Nuclear weapons, of course, have not been used except as threat since 1945.  But there is nothing to prevent their employment in the future, particularly as the superpowers continue to use their military power recklessly.  China, though not currently at war, is alarming its neighbors by building islands in disputed offshore waters and establishing military facilities on them.  Russia is absorbing the Ukrainian territory it recently seized by military force and heavily bombing portions of Syria.  And the United States is continuing its lengthy wars in Afghanistan and Iraq, while launching covert military operations in numerous other countries from its 662 military basesaround the globe.

Not surprisingly, these are also violent societies at home.  Although most nations of the world have abolished capital punishment, both the United States and China still put large numbers of people to death.  Indeed, China is the world’s most active executioner.

This state-organized violence is often accompanied by citizen violence.  In 2015, the use of firearms in the United States resulted in the deaths of 13,286 people and the wounding of another 26,819.  These figures include 372 mass shootings, but not the many suicides (21,175 in 2011, says CDC data).  In 2012―the latest year with comparative statistics―the number of gun murders per capita in the United States was nearly 30 times that in Britain.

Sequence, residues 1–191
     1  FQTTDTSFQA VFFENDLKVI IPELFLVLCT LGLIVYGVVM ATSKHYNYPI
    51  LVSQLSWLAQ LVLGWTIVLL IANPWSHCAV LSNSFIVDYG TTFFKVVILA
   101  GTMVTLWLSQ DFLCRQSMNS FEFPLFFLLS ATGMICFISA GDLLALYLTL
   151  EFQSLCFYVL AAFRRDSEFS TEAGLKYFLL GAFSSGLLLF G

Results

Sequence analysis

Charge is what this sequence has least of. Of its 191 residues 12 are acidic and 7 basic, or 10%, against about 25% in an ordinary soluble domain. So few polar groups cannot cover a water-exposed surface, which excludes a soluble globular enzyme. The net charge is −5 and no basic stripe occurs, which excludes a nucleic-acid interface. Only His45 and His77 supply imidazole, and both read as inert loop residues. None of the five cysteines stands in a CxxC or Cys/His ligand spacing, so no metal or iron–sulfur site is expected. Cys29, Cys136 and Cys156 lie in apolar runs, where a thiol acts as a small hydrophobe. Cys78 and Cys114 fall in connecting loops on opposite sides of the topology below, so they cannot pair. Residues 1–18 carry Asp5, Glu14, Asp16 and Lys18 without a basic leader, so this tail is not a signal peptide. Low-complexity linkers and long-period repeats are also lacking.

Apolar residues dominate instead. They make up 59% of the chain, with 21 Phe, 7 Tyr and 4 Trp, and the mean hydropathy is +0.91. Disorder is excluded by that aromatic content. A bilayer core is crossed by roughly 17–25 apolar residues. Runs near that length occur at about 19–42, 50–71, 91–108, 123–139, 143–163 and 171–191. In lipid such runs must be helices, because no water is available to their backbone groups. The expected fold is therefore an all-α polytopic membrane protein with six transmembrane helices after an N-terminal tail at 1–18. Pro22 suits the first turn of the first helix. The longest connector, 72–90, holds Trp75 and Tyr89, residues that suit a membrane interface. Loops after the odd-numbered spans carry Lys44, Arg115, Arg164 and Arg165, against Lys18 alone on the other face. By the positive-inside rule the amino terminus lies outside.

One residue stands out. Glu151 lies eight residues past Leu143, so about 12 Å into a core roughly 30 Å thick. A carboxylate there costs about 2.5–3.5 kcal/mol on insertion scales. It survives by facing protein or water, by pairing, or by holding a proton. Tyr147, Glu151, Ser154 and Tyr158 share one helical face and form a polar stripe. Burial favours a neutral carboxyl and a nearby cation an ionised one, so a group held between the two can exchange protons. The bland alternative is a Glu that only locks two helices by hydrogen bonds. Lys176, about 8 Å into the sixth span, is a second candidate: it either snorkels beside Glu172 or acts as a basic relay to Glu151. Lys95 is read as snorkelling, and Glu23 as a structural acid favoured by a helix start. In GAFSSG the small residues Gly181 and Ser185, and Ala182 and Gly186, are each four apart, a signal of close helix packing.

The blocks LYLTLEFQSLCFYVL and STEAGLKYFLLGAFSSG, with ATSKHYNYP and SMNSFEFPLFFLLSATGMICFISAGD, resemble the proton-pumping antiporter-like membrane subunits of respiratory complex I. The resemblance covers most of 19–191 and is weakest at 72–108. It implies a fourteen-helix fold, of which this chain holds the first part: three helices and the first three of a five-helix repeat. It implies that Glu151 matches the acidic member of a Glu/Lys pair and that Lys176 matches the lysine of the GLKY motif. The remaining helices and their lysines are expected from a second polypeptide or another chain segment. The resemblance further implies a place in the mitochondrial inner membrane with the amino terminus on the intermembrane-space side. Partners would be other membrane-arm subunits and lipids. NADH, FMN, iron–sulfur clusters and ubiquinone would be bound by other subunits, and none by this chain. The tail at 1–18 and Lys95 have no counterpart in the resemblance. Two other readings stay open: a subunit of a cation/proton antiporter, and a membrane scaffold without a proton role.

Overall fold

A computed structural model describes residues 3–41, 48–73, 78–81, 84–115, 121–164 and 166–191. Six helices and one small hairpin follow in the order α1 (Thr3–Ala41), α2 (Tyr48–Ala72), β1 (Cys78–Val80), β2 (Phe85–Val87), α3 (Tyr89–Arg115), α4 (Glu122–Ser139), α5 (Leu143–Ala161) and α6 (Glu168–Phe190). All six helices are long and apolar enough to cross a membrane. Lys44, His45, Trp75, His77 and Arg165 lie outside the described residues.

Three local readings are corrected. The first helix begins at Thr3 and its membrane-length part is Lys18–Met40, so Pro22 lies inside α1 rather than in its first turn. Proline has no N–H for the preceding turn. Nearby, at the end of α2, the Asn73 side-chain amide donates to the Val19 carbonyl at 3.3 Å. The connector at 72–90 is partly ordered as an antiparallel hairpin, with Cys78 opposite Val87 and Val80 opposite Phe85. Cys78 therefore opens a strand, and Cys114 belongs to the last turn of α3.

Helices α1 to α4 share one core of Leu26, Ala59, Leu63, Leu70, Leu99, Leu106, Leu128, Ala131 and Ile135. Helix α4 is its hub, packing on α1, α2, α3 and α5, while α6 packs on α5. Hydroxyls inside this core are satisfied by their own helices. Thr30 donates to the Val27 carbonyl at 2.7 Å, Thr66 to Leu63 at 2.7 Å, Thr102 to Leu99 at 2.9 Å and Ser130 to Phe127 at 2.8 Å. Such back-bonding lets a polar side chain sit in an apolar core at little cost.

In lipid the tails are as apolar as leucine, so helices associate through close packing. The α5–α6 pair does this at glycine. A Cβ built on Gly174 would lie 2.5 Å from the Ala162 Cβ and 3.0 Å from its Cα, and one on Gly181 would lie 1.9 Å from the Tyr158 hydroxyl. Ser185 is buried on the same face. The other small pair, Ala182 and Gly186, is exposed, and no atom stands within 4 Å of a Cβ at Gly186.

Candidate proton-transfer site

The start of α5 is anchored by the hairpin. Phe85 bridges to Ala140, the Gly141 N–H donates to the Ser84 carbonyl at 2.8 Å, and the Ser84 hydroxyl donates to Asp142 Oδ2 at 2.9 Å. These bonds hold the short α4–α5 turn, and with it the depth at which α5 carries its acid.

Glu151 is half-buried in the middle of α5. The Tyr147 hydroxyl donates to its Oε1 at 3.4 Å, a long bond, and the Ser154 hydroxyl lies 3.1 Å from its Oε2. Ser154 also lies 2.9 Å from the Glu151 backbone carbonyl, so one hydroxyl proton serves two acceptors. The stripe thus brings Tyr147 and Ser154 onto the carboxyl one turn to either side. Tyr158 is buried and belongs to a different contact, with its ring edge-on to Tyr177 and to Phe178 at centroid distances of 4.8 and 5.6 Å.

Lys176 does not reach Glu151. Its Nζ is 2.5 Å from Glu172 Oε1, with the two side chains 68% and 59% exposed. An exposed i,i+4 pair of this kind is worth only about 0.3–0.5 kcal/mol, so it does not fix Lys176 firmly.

Murder rates are also high in the three superpowers―though considerably lower in China than in the United States and Russia.  When ranked by the lowest murder rates among the nations of the world, China was #28, the United States #96, and Russia #128.

Overall, then, the three superpowers are unusually violent powers.  An extensive study by the Institute for Economics & Peace, released recently, ranked 163 independent nations and territories according to their level of peacefulness.  Examining 23 qualitative and quantitative indicators linked to domestic or international conflict, the degree of militarization, and the level of safety and security in society, the study concluded that, when it came to peacefulness, the United States ranked #103, China #120, and Russia #151.

Is this really the best that these large, economically productive, educationally advanced, and technologically sophisticated nations can do?  If so, the world is in big trouble.

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Dr. Lawrence Wittner is Professor of History emeritus at SUNY/Albany and the author of Confronting the Bomb (Stanford University Press.)